The FAA released its final rule on December 15 making the Washington, D.C. air defense identification zone (ADIZ)–which was imposed in February 2003 as a “temporary” flight restriction (TFR) area in the runup to the invasion of Iraq–a permanent fixture. It will go into effect sometime next month.
AOPA expects the Department of Transportation will publish the final rule on the Washington, D.C., air defense identification zone (ADIZ) days before President-elect Barack Obama takes office.
In an attempt to make a permanent ADIZ more palatable, AOPA met with the White House Office of Management and Budget (OMB) on November 10. The association proposed two alternatives to the permanent ADIZ.
Fortunately, it was a clear, sunny day (rather than the proverbial dark, stormy night) over the Northeast when the electrical power gridwork gave up the ghost at 4:11 p.m. on August 14. Though 9/11 jitters surfaced, initial fears of terrorism were quickly calmed. U.S. and Canadian power providers were pointing fingers at each other long before most affected areas had their lights back on.
Operators using the VFR transition route through the Los Angeles Class B airspace can expect a Christmas gift from the FAA in the form of AOPA-backed improvements to the safety and efficiency of the routing. The changes, which become effective on December 25, include modifying the northern boundary of the transition area to align it with Class B airspace revisions that were adopted five years ago.
One of the least welcome rites of passage for copilots is the routine chore of updating the company’s flight operations documents, with Jeppesen manuals probably at the top (or the bottom, if you prefer) of the list. And the post-9/11 flood of TFRs hasn’t made the task any easier.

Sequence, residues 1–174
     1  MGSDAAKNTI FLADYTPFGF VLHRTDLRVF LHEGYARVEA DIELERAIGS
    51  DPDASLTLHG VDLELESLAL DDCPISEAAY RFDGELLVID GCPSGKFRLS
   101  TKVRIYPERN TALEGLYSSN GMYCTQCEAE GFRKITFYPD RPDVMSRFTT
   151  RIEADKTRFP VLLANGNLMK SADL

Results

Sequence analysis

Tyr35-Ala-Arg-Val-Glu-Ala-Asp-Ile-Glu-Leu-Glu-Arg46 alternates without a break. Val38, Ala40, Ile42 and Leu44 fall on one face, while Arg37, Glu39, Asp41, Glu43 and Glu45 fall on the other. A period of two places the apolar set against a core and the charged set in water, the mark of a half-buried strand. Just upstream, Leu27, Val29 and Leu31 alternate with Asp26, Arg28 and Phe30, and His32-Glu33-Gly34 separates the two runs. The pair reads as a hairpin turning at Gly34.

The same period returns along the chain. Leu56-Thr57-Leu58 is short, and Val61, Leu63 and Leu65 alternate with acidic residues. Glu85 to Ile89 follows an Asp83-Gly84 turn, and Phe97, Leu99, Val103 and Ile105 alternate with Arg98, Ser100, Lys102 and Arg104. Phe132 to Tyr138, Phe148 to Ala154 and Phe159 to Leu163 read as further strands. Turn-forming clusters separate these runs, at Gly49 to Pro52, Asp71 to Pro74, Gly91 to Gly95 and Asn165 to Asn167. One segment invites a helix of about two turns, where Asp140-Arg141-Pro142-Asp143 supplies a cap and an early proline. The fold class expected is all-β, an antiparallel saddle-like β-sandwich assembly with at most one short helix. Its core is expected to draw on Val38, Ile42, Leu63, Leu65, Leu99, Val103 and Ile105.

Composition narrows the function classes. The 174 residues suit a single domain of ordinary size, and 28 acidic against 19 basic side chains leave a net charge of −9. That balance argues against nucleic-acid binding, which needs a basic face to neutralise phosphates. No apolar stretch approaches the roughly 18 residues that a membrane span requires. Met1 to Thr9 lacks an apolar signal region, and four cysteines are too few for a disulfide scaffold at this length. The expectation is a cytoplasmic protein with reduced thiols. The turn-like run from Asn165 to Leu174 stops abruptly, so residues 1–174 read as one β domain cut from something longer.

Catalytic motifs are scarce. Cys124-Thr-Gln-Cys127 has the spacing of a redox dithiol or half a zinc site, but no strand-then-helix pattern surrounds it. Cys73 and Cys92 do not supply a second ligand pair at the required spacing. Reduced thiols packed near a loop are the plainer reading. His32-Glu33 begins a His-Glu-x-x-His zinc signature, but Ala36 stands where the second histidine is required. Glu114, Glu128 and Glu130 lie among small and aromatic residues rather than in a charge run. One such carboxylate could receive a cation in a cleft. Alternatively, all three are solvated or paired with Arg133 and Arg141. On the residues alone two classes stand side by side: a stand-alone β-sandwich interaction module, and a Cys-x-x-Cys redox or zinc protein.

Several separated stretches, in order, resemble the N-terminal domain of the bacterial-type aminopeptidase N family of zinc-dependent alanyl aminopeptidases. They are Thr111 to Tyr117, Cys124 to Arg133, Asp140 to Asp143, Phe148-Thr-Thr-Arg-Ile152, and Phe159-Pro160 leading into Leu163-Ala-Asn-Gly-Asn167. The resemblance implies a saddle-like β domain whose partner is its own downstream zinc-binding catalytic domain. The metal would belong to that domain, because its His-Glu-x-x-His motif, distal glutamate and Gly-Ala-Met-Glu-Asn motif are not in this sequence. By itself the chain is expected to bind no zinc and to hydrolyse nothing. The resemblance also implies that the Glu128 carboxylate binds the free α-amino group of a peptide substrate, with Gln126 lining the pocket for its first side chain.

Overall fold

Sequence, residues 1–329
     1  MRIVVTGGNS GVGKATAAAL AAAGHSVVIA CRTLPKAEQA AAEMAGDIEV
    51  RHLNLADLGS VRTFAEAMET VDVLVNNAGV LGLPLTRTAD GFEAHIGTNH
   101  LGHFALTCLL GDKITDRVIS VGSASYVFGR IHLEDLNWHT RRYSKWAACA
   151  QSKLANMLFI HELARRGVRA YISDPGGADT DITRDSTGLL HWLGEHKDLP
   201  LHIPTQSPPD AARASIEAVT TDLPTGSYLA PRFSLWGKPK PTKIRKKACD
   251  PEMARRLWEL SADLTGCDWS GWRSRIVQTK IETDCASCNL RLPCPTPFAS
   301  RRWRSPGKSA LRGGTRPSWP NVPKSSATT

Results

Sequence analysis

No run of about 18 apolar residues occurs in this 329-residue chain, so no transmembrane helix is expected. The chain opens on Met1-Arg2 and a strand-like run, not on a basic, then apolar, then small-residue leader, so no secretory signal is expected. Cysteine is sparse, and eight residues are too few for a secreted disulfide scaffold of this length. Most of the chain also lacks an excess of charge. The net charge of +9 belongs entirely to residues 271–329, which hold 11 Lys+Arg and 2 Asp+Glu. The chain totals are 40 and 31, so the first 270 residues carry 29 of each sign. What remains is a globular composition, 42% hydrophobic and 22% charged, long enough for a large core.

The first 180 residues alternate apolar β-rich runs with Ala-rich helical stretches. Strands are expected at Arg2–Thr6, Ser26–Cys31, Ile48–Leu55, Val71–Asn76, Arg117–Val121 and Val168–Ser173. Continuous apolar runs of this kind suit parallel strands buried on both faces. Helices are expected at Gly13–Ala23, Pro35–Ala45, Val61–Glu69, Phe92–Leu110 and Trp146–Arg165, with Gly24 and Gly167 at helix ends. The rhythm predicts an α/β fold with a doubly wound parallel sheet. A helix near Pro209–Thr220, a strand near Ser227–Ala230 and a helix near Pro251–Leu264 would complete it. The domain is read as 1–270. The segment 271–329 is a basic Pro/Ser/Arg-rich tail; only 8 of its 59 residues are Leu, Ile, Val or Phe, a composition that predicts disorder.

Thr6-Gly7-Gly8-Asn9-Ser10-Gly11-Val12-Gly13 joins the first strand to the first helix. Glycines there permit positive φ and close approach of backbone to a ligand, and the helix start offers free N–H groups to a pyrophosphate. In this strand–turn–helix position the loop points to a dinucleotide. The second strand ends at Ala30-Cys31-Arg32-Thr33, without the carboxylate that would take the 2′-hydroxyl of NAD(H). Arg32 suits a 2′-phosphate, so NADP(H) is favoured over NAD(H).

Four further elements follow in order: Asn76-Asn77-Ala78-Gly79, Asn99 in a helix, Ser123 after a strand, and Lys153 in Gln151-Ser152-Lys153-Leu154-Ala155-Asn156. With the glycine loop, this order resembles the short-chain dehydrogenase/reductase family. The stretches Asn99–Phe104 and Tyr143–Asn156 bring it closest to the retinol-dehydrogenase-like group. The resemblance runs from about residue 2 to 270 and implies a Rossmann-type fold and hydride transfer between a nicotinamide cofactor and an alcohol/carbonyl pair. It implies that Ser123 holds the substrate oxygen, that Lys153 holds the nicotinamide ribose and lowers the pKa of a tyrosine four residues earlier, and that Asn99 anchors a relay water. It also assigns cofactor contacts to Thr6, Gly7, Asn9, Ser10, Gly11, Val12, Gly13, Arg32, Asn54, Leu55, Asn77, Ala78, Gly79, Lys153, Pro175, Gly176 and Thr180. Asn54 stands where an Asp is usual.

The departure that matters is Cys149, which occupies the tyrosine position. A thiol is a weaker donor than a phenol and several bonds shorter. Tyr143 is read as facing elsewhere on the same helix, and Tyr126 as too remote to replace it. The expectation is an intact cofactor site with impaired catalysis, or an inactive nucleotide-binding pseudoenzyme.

Officials from the UK’s up-and-coming UAV test airfield are negotiating here this week with several American companies who have expressed frustration with the lack of timely cooperation from their own Federal Aviation Administration (FAA).
“The Salt Lake City Winter Olympics security plan is going to be the model of how not to do it. It’s going to go down in history as one of the most knee-jerk reactions to a crisis,” National Air Transportation Association president James Coyne told AIN.
The cancellation on October 12 of the three-mile temporary flight restriction (TFR 9841) encircling the World Trade Center, which had closed New York City’s three Manhattan heliports to civil operations for more than four weeks after September 11, buoyed the spirits of the helicopter community represented by the Eastern Region Helicopter Council.
Frontier Airlines grounded one of its captains and first officers after they inadvertently flew their Boeing 737 into prohibited airspace above the White House seconds after taking off from Ronald Reagan Washington National Airport (DCA) last month.
On August 20 and 21 the FAA held meetings at Barnstable Municipal Airport (HYA), in Hyannis, Mass., and Nantucket (Mass.) High School, respectively, to discuss plans to implement Class C airspace around Nantucket Municipal Airport (ACK).